Dr Henry Croker Garde  was a long term resident surgeon at the Maryborough General Hospital in Queensland. Born in 1855, he was a graduate of Queen’s University, Belfast and  a prize winning Fellow of  the Royal College of Surgeons of Edinburgh. The doctor was well travelled, having spent considerable time as a ship’s doctor before settling in Australia. In 1886 he married Miss Ada Hall.

Irascible and slightly eccentric in appearance, Garde did not suffer fools lightly. However, he was a good man in a crisis. During Maryborough’s devastating floods of 1893 he risked his own life by saving a fellow resident, and was awarded a medal for bravery by the Royal Humane Society. In private life he was an astute judge and breeder of horses, and a pioneering motorist.

Between 1902 and 1904 Dr Garde  was a member of the Queensland  Legislative Assembly. Aged 60, he enlisted in WWI, serving on hospital ships at Gallipoli. According to his service record he was difficult to work with, but no doubt injured soldiers benefited from his surgical expertise. He returned to Maryborough and the hospital in 1916, medically discharged after contracting an infection following vaccination.

Dr Henry Garde
Dr Garde and his early, high wheeler car.
Dr. H.C. Garde's House at Maryborough
Dr. Garde’s House in John Street, Maryborough
Maryborough Hospital
Maryborough General Hospital

In 1930 Dr Garde made some sensational accusations against the hospital. The tabloid Truth newspaper was in its element;

In that bleak cemetery, where dead reputations are buried, there is another grave dug. Whether this grave shall house the shattered character of Dr. Garde, of Maryborough, or whether there shall be consigned to its clammy depths the once high reputation enjoyed by certain Maryborough surgeons and medicos, is a matter that the Government of this State must determine in the immediate future.

Allegedly banned and boycotted by fellow practitioners because he outraged the ethics of the medical profession by airing a grievance -real or fancied- through the public press, this eminent surgeon has set up against the Maryborough surgeons and medicos an array of startling charges which amount, in two instances, almost to indictments for manslaughter.

According to Dr. Garde, certain Maryborough doctors have frequently blundered and butchered patients, and, through incompetence, negligence and criminal carelessness – or all three – sent two persons mercifully to their graves, and others, less fortunate, to hobble out onto the streets, permanent cripples and permanent sufferers.

Here are some specific cases. Dear me, they do sound hard to believe;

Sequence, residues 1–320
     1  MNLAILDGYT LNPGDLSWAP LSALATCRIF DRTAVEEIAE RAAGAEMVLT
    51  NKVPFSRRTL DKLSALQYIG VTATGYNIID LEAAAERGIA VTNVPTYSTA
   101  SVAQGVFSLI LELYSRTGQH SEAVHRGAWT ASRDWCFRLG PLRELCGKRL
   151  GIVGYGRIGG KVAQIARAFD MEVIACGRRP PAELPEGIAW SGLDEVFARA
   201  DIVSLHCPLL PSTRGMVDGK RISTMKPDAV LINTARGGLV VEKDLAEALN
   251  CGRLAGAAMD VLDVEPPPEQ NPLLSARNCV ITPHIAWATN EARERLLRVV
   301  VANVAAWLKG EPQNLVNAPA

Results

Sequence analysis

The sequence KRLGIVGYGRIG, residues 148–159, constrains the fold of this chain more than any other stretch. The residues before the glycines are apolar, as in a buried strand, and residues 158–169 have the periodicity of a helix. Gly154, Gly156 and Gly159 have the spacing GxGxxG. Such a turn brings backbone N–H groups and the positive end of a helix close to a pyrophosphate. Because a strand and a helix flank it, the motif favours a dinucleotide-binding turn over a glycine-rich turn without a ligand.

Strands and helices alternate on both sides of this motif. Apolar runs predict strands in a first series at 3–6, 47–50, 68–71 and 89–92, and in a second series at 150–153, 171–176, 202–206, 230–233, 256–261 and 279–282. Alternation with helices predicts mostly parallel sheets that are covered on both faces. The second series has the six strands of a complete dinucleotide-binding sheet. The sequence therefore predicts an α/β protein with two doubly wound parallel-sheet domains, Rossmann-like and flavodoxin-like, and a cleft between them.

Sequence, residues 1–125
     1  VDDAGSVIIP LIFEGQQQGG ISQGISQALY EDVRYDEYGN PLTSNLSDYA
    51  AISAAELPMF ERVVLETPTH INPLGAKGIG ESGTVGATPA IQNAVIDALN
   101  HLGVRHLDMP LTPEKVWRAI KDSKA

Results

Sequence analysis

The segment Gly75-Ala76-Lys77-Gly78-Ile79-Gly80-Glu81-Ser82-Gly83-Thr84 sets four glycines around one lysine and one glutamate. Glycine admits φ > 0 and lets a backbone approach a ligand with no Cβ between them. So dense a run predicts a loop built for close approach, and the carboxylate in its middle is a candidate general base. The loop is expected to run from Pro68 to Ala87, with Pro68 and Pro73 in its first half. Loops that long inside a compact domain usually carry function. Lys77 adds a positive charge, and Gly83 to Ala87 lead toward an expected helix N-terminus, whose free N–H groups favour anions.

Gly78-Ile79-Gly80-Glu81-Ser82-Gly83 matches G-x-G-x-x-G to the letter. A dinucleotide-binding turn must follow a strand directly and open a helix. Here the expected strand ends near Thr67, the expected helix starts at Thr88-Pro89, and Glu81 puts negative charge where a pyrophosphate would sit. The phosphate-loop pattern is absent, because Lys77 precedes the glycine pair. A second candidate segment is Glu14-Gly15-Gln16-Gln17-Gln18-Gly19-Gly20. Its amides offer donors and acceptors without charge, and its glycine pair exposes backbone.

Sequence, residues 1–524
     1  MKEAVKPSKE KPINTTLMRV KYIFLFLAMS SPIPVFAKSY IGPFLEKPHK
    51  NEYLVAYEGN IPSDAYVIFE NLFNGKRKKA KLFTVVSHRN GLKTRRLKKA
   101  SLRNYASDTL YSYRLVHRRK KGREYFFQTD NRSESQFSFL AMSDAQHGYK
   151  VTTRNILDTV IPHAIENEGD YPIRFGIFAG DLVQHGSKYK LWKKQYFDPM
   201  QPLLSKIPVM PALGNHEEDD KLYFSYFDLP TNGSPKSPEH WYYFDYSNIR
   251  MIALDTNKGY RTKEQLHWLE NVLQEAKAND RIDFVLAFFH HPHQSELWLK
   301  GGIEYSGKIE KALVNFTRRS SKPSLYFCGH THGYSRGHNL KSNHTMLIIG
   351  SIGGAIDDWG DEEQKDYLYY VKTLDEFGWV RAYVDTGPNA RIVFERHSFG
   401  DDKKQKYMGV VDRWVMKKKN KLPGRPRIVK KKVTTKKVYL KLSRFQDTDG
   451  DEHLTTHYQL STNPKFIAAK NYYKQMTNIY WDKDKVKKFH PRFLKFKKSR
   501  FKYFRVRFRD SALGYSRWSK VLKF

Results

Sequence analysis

Dr Garde's allegations

Dr Henry Croker Garde

Dr Garde passed away two years later aged 77. He was buried with his daughter Eileen, who had died as a young child. The names of his wife and surviving children do not appear on the headstone. Ada Garde died in 1945, but lies in a separate grave. Sadly, it seems there was a family estrangement.

 The grave of Dr H.C. Garde
Headstone for Ada Garde.

NOTE – The charges of malpractice and negligence were emphatically denied by the Hospital Board. Dr Garde was ostracised by his outraged fellow doctors.

In a letter to the editor of the Maryborough Chronicle dated November 29 1930 he wrote:

Sir, re the finding of the Hospital Board that “All the charges are without foundation or truth”, I desire to say that the board could not have had time to make inquiries into all the charges; and I claim that all the charges are true and those made by me are only a few of the charges I can make and prove. I want a public enquiry, and not a one-sided, hole-and-corner one. I am, yours etc., H.C. Garde

No public enquiry was held, as the doctor refused to name individual doctors, nurses and patients.

His bitterness was expressed in an eccentric will. On the printed form he added some startling legacies in his own, sprawling handwriting. The Sun newspaper reported on the document as follows;

Spectacular in life, the doctor was just as spectacular in death. The will contains some unusual bequests.

The names were not published, but no doubt many knew the associates Dr Garde was referring to.

‘I give and bequeath to Dr…….the sum of two shillings for him to buy a rope and hope he may use it as it ought to be.

To the medical men who boycotted me without any reason, to Drs……. I leave my curse and hope any or either of them, will never have anything but ill-health and bad luck, they helped to kill my friend, Dr…….., the only gentleman of the lot, and have done their best to do the same to me.’

There were small bequests to his surviving children, but his widow Ada was not mentioned.

What a strange, tragic end to the life of a remarkable if flawed man. Rest in Peace Dr Garde.

1 Comment
  1. Again, very interesting history! Nothing has changed! In fact “Kill the messenger” attitude is worse than ever.

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